1. Purpose of Policy
This policy sets out basic principles and guidelines for managing St George’s Archives & Special Collections. The policy provides a primary framework for all other Archives & Special Collections policies.
2. Mission Statement
The Archive collection supports the teaching and research activities of SGUL, and enables research and learning by individuals external to the University. The Archive’s activities are informed by the University’s strategy, focusing on providing excellent information and learning resources that enhance knowledge, inspire education, and promote the work and achievements of the University.
3. Purpose and Aims of the Archives & Special Collections
St George’s Archives and Special Collections (hereafter “the Archive”) collects, preserves and makes accessible unique collections documenting the history, functions and development of St George’s, University of London (hereafter “SGUL” or the “University”). Informed by the University’s strategy, the Archive aims to preserve and use these collections:
- To support the University’s mission in sharing knowledge and inspiring education
- To increase access to resources and support new research and learning both internally and externally
- To provide evidence of the substantive work and achievements of the University
- To grow the reputation of the University by promoting our history via public engagement programmes.
The Archive also aims to make accessible the history of St George’s Hospital which has a closely shared history with the University. Although the majority of Hospital records have been deposited at the London Metropolitan Archives, an important series of records remain at SGUL.
4. Management of the Archive
The Archive is managed by a professionally qualified Archivist and is part of the Library team, which falls under Information Services. The Archivist reports directly to the Head of Library and Learning Services.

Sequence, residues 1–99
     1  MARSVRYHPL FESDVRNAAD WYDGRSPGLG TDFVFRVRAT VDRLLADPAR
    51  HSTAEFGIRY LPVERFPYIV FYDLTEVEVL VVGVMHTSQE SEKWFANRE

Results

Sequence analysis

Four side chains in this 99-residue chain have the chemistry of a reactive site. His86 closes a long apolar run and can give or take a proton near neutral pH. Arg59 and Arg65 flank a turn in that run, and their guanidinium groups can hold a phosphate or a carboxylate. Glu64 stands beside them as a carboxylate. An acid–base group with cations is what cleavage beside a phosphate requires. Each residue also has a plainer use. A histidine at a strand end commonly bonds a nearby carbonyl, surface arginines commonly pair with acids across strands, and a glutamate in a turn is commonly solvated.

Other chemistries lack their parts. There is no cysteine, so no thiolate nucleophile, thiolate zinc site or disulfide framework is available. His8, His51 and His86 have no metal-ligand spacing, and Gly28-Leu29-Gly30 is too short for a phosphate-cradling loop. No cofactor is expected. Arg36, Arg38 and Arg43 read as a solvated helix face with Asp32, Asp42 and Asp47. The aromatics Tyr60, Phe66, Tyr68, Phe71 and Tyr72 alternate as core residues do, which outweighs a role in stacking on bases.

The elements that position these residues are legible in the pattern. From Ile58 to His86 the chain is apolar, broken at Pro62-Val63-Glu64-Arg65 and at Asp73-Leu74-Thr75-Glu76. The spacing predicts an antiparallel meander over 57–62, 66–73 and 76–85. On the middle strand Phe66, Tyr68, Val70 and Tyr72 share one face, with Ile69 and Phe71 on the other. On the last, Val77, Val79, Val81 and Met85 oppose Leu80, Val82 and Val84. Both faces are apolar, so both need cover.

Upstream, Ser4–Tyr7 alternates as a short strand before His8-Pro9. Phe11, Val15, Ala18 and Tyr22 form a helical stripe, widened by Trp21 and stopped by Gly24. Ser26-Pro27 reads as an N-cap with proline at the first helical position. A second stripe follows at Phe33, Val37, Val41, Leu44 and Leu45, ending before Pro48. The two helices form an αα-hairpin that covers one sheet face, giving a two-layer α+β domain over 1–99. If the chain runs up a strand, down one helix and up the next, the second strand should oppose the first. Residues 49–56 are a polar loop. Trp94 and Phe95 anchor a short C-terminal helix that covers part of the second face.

The collections are housed in the Archive Store in the Jenner Wing Basement.
The Archivist is a member of the SGUL Heritage Group. This group meets twice yearly and aims to encourage discussion and promote awareness of archive and heritage related matters.
5. Collection Statement
Archives are groups of records (in any medium or format) created by individuals or institutions in the course of their life or business which provide evidence of their main activities and have been selected to be retained permanently.
Special Collections are groups of books, artefacts, individual manuscripts or ephemeral items which are regarded as special because of their age, subject, rarity, fragility, provenance, association and/or financial value. They are kept together as a collection to preserve context which would otherwise be lost or because of their condition or rarity.
The Archives & Special Collections holds a rich range of material including:
- Minutes of the School Council, Academic Board and other committees
- Student registers which include the names of our famous alumni
- Student nurses records
- Publications including School yearbooks and Hospital magazines
- Photographs of students, staff and former hospital sites
- Personal papers of former staff and professors
- Artefacts including historic surgical instruments
- Oral history interview recordings with former students and staff
- Rare and historic books from the original medical school library.
Although the majority of St George’s Hospital records have been deposited at the London Metropolitan Archives, an important series of records remain in the Archive Store including:
- Post mortem case books
- Pathology registers
6. Collections Development